The Notting Hill super-middleweight now trained by Finchley-based Don Charles, will fight on the ‘Night of the Heavyweights’ bill on November 16 against Croydon’s Joe Walsh, after signing a three-year deal with promoter Stephen Goodwin.
Ojuederie, earned notoriety after being removed from the Big Brother house following a spat with Irish model Hazel O’Sullivan, but he insists he is better for the experience as he looks to kick-start his boxing career.
'Being in the Big Brother house was a good experience and I enjoyed it', said Ojuederie. 'When I came out I thought ‘Oh my god, what’s going to happen to me now ?’ But it’s been the total opposite.
'I’ve gone forwards instead of backwards and now it’s onwards and upwards for my boxing career.
'Don Charles has taken me on and we’ve had one fight so far. We won that, so we are just looking for the next one now'.
It’s been an arduous journey for Ojuederie who is undefeated in four professional contests and the west-Londoner suggested boxing has given his life some much needed direction.
'My older brother’s a boxer', he said. 'Watching him made me want to do it and I ended up getting good at it. I’ve been boxing for 10 years now but I’ve been in and out of foster homes my whole life.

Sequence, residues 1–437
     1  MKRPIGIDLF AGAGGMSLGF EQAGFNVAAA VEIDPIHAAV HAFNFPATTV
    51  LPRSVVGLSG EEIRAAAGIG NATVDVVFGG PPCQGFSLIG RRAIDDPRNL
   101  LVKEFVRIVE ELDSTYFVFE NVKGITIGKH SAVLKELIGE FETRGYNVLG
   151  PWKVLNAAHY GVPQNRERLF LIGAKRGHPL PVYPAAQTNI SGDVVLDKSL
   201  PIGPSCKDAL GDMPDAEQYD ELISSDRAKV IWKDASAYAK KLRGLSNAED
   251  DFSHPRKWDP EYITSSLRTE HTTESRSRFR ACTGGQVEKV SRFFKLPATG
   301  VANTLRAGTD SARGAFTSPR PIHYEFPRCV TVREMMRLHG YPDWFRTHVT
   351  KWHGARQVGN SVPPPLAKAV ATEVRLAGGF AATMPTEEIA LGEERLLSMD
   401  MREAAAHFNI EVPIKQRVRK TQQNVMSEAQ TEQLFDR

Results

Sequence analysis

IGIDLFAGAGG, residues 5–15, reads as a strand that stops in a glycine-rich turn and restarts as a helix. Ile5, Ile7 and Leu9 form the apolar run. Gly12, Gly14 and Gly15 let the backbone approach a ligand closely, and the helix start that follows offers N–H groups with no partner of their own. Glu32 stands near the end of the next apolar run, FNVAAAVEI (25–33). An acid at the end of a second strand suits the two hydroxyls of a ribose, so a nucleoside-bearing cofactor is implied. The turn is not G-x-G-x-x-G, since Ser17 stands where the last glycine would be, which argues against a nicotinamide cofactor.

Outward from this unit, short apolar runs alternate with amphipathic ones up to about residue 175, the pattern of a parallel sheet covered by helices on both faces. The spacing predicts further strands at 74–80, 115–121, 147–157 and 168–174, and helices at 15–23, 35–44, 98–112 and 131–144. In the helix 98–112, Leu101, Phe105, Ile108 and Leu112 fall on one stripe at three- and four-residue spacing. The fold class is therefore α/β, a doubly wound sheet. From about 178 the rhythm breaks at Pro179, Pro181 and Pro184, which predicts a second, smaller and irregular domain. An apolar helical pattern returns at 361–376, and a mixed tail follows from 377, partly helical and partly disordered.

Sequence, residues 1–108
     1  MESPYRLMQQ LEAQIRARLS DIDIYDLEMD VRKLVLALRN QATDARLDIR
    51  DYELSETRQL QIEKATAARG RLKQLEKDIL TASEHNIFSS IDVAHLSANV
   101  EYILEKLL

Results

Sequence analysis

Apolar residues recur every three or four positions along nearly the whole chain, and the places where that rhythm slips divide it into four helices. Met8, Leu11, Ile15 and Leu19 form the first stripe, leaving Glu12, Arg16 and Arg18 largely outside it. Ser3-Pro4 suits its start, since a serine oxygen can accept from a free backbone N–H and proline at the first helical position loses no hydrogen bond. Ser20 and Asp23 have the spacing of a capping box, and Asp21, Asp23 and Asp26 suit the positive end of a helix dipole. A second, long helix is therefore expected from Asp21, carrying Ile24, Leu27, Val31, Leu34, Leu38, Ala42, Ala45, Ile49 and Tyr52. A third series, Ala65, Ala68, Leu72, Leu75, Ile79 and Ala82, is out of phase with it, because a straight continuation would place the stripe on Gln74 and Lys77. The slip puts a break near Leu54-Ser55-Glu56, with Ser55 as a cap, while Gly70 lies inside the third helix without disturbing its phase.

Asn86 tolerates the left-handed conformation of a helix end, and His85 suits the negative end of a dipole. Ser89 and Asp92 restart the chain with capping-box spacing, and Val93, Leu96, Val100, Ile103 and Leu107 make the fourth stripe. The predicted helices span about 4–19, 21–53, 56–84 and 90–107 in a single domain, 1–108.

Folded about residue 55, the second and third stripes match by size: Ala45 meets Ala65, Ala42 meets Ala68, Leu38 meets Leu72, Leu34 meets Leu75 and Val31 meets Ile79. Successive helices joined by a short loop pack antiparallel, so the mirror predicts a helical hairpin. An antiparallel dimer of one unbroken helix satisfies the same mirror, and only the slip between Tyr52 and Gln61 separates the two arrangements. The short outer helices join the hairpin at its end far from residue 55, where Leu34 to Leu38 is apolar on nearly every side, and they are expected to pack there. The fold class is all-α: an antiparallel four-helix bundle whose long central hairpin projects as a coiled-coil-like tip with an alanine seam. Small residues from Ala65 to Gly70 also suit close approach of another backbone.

'I never grew up with my family or my parents so it’s been a bit of a rollercoaster. Even though I’m a talented boxer, I’ve never been stable enough to actually give it 100%. But my life’s stable now, I’m an undefeated professional and now I can give it everything that I can'.
Ojuederie hopes to carve out a long successful career in boxing and says he hopes his story can inspire children growing up in social care as well as foster parents.
'I know that all the stuff that I went through in the care system, some of it good but a lot of it really really really bad', he said.
'I just want to bring awareness to foster parents that are looking after foster children that have been through the same stuff as me because some of them, they don’t realise what a child goes through in care.
'I’ve been there and done it through the care system so I just want to give something back.
'I want to show all the young people growing up without parents that they shouldn’t use that as an excuse to go down the wrong road and do something bad.
'I reckon I could be a role model because I’ve been there and done it and my message to young people is do something positive with your life'.
He added: 'Instead of going and using my upbringing as an excuse to be a criminal or sell drugs or whatever, I just tried to use it in a positive way.
'Boxing has helped me channel all my anger and frustration into something positive. Boxing has kept me on the straight and narrow'.
For more information and to purchase tickets for ‘Night of the Heavyweights’ on November 16 visit here
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